A contrast then, Post Malone plays the KOKO stage before everybody’s favourite French dance duo Justice plays The Loop – no festival is complete without lose-ya-inhabitions nu-disco. Mad Cool plays host to music with authentic meaning, old-school dance tunes and somewhat guilty chart pleasures – “I’ve been fuckin’ hoes and poppin’ pillies man I feel just like a rockstar”… You’re completely free to do you.
MGMT play until beyond 4am (the festival’s magical hours) inclusive of nostalgic bangers ‘Time To Pretend’ and ‘Kids’, alongside equally celebrated tunes from the new album. ’Me and Michael’ and ‘Little Dark Age’ present a level of musical maturity, yet doesn’t fail to capture the initial excitement of the band’s youthful synth-pop – live, as on the record.
The subsequent two days of the festival continue in a similar light; huge names by far signifying the end of the night as they may do with many more established festivals. Stand-outs from smaller stage faves come in the form of South London’s Goat Girl – who draw a surprisingly large international crowd of which to boast impeccable vocals and guitar work – replicating the record exceptionally while performing an authentically DIY live set true of their roots. Jaunty, sinister track ‘Cracker Drool’ receives their biggest reaction and is a fierce, merciless triumph.
With similar energy, Yorkshire punk quintet Marmozets encompass the spirit of early-evening alt- rock, crowd favourite ‘Play’ an electric performance. An 8pm slot doesn’t mean fans need weening into its sonic intensity, though, frontwoman Becca Macintyre exhibiting a brazen authority from the outset. Perfume Genius, despite attaining a slot before the ridiculously-anticipated Arctic Monkeys – and experiencing some minor sound issues – gives the perfectly anxious-yet-theatrical performance hoped for, a spirited rendition of ‘Slip Away’ creating a sort of intimacy not commonly achieved within pop music.
The likes of Friendly Fires – the welcomed replacement of Glass Animals – bring la fiesta the to the Madrid Radio Stage, ‘Paris’ and newer banger ‘Love Like Waves’ evoking equal grooves for the indietronica natives. It’s a similar story for recent chart-risers, Portugal. The Man, whose trippy Chemical Brothers-esque visual backdrop bodes strong against their mix of experimental rock and more commercially successful indie-pop. It is perhaps to no huge surprise that the biggest hype of the weekend is the newly resurrected Arctic Monkeys, having recently released their sixth studio album Tranquility Base Hotel and Casino – one which oozes more sex appeal than any other with Alex Turner’s hip-swinging alone. There was a polarised reaction to this record, critically and commercially, but tonight tracks from the LP prove just as musically thrilling as their back catalogue of big indie-rock tunes. With a rare performance of crowd favourite ‘From The Ritz To The Rubble’ it’s a set equal parts brash energy to seductive stylistics.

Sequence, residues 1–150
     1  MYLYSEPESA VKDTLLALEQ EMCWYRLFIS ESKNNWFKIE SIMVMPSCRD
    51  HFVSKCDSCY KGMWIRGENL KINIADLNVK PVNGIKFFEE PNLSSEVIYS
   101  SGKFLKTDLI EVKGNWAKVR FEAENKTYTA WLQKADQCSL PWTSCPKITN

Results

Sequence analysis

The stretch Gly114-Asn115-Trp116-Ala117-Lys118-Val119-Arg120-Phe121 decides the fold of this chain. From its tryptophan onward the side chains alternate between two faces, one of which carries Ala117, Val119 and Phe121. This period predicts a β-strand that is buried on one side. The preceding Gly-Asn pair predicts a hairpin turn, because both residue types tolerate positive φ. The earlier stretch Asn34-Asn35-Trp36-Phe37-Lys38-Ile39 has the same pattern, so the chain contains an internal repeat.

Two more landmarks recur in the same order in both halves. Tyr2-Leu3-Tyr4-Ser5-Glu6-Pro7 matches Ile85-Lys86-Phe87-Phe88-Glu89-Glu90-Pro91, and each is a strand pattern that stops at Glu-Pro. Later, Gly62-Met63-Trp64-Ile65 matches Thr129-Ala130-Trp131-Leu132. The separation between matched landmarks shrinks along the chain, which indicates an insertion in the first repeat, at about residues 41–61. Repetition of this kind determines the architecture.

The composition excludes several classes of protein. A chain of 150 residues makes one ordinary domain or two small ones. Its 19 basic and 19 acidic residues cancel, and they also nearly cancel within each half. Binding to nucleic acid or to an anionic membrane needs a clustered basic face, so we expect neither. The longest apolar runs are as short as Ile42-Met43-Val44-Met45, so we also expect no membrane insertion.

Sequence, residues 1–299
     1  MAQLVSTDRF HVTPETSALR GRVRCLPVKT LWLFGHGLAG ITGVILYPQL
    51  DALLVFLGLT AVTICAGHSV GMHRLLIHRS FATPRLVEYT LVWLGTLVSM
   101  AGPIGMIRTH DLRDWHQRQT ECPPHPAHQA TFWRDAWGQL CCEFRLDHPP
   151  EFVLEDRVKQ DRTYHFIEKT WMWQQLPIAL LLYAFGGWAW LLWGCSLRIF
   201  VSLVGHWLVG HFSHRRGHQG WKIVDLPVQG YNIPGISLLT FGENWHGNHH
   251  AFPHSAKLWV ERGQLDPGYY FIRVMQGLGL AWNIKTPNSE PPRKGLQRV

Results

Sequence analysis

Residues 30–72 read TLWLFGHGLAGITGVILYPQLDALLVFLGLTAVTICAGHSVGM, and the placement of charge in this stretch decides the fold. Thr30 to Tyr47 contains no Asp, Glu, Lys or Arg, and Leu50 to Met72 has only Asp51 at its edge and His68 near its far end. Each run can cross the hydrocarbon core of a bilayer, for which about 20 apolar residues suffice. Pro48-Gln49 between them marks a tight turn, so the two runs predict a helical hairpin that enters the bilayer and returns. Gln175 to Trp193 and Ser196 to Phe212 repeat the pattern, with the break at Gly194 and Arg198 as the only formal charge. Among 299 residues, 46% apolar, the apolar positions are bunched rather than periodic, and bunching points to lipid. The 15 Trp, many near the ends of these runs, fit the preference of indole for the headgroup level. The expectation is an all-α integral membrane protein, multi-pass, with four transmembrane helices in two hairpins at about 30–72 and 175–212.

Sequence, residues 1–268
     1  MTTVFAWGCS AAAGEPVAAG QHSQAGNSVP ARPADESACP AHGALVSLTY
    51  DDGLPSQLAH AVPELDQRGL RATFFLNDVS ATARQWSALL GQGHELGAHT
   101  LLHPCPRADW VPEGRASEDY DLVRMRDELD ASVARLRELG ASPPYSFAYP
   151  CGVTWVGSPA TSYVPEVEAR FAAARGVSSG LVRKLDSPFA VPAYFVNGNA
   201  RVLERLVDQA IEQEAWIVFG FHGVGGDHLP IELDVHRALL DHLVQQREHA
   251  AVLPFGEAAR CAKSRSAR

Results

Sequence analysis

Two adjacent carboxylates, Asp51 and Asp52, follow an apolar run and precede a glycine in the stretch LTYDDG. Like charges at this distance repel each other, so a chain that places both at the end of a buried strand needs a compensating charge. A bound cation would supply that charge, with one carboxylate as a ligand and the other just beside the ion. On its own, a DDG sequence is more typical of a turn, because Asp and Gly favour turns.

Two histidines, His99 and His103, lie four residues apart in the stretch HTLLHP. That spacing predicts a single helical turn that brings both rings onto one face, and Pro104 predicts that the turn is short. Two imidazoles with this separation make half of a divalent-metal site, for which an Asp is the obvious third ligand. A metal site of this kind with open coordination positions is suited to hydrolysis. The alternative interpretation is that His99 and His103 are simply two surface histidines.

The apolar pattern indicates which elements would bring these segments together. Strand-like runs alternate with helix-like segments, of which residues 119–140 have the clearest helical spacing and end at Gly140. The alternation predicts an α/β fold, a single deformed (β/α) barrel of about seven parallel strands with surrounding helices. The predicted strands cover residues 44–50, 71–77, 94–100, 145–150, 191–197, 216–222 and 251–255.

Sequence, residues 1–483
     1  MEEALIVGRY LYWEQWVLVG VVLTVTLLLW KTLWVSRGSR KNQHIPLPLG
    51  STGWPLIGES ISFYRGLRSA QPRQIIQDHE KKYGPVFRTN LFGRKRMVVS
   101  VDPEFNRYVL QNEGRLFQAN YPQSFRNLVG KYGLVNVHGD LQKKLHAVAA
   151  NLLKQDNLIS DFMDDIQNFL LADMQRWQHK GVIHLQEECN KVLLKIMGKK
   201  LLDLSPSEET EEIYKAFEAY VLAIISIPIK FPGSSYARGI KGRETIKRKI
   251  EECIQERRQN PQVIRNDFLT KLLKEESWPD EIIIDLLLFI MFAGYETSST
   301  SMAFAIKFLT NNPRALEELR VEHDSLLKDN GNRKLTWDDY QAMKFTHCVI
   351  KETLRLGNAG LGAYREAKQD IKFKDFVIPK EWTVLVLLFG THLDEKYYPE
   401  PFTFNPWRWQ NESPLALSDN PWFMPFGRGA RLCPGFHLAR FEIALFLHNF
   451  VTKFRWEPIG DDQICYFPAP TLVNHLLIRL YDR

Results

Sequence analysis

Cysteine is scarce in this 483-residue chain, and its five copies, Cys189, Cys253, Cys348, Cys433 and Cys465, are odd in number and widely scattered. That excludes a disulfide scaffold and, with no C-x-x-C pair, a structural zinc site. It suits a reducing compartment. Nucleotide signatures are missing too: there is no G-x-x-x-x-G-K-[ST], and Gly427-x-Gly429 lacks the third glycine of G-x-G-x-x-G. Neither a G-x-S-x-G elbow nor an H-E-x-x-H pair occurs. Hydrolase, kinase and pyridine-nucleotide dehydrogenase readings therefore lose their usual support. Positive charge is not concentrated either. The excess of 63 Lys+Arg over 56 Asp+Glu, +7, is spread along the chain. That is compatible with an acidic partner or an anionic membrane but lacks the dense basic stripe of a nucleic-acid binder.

Fellow Domino endurers Franz Ferdinand play immediately afterwards proving that quality indie disco isn’t dead and that ‘Take Me Out’ will never not be the banger of our generation. Unfortunately the buzz of the Scotts is to the detriment of Bristolian trip-hop duo, Massive Attack, who cancel – disappointingly without a statement on socials, or a timely explanation from the festival – due to a sound bleed. On reflection, Mad Cool should have perhaps done their research more thoroughly before booking such a huge scheduling conflict. Controversy in a similar light takes place by Josh Homme of Queens Of The Stone Age – alongside the likes of Tame Impala’s Kevin Parker and Franz Ferdinand’s Alex Kapranos – for pointing out the VIP sections which take up the first main block of crowd area throughout the festival’s sets. During the band’s Saturday sunset slot, Homme exclaims “Security, you’d better let those people in… I’m not playing until you do… you work for me tonight”. Obliging, security staff open up the area, usually reserved for those who have paid for a VIP ticket to the festival.
A key issue raised by artists at the festival, perhaps Mad Cool will rethink their VIP strategy for next year. It’s 2018 edition was never going to be an easy feat, with a dramatic site change, a doubled capacity and quite possibly the biggest line-up Europe has seen in its year, hiccups are to be almost attentively anticipated. Transport problems, sound issues – and artists publicly voicing theirs – perhaps needed to occur in order for the festival to fix up for their future. As long as it continues to deliver line-ups this impressive, Mad Cool has got a long life ahead on the Spanish circuit, with likely potential to hitch onto the global one. Watch this space.
Find out more about Mad Cool Festival.